Rightmove released its October UK asking price index data today which recorded the usual October rise of 2.6 percent.
Readers may recall that I couldn't resist biting at some of the absurd reporting of the August data where pundits who clearly misunderstand London market data called excitedly a market crash based on one month of figures.
I suggested waiting for the October data, given the significant seasonality of the index. Sure enough, asking prices 'rose' by 7 percent in London in the month.
Of course it is plainly ridiculous to look at volatile monthly data in this manner - instead you need to observe the trends, and an easy way to do this is to chart the data, which I have done below.
London prices have risen by more than 130 percent since May 2003. No matter which way you try to torture the data, there is no crash, but through our on-the-ground experience what we do see is a moderation ahead (click chart to expand).
If you have been following our London commentary for a while, you will know that we believe that the London property market has now moderated. Prices have not fallen, but the market mania has certainly subsided, and competition for properties has eased from the frantic panic buying seen across the past year.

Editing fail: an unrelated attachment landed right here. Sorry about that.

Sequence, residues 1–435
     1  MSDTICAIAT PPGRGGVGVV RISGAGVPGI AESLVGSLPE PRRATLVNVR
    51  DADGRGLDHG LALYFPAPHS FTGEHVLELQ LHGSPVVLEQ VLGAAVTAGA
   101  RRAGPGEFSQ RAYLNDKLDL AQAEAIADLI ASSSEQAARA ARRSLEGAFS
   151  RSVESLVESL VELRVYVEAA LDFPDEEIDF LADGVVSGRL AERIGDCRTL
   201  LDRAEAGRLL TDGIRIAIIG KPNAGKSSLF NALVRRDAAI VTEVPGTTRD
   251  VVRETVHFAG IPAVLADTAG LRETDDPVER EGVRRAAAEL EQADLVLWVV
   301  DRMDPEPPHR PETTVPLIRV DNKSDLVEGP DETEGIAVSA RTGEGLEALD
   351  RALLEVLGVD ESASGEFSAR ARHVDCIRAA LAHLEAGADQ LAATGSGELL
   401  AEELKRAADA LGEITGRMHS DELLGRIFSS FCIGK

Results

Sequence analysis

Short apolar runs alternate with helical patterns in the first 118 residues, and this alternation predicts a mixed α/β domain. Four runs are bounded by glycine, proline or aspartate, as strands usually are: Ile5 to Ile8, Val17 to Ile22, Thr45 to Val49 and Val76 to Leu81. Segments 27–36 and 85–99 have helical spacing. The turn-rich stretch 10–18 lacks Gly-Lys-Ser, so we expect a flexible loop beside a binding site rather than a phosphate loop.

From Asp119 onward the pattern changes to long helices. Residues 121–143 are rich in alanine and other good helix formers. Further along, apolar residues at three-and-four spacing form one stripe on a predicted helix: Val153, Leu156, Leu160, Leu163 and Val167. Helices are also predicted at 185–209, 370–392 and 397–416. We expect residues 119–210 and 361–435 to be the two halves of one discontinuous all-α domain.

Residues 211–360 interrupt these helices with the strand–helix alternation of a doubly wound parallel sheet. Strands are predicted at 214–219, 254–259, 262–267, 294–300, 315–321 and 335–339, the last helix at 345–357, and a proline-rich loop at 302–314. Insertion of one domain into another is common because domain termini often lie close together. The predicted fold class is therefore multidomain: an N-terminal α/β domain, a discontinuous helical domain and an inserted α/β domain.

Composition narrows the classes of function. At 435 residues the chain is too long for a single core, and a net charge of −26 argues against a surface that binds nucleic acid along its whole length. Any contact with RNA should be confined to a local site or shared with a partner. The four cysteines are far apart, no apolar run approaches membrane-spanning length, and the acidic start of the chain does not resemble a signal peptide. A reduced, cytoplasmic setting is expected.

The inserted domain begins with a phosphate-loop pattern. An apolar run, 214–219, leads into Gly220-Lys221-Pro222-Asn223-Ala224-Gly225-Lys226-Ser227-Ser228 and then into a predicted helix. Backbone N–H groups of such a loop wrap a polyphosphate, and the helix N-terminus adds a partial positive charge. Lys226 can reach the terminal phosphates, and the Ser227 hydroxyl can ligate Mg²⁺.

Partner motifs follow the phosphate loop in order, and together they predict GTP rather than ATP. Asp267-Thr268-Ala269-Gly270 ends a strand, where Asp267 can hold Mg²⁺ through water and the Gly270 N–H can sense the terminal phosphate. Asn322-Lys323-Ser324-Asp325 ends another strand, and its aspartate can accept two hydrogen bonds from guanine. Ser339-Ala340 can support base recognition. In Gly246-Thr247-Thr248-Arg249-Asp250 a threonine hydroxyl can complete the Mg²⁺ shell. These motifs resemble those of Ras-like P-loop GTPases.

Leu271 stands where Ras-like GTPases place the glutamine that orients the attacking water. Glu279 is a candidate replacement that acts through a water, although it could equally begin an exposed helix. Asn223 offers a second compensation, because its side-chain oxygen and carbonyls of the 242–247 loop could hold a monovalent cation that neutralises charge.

Rightmove's index is very noisy, so I have charted the data on a 6 month moving average basis below, which we believe is beginning to reflect the moderation in London market growth that we have seen on the ground.
It is not surprising to see one of the locations where we have bought property for our clients in the best performing list - Ealing - where investor interest in the market is now rising as we expected thanks to the impact of the "game-changing" Crossrail project.
Perhaps the biggest story from this month's Rightmove release is that the south-east of England with a +10 percent growth asking prices over the past year is now taking over from London as the leader of UK property price growth.
A mass migration to the south-east of the country combined with an acute dwelling shortage is expected to see prices boom over the years ahead. Rightmove and Oxford Economics forecast an extraordinary 37 percent capital growth for the south east over the next five years and 33 percent capital growth for London:
"The ripple effect of buyers priced out of London combined with those cashing in and moving out of the capital means that the South East has taken London’s boom-town crown. Upwards price pressure is being further fuelled by a reluctance of home owners in the hotspots of the South East to come to market.
Analysis by Rightmove and Oxford Economics forecasts that the South East will be the region with the highest increase in property values in the next five years, driven by a continuation of this supply/demand imbalance in the medium term. While the national average is a 30% uplift, the South East is forecast to be up by 37%, ahead of London at 33%."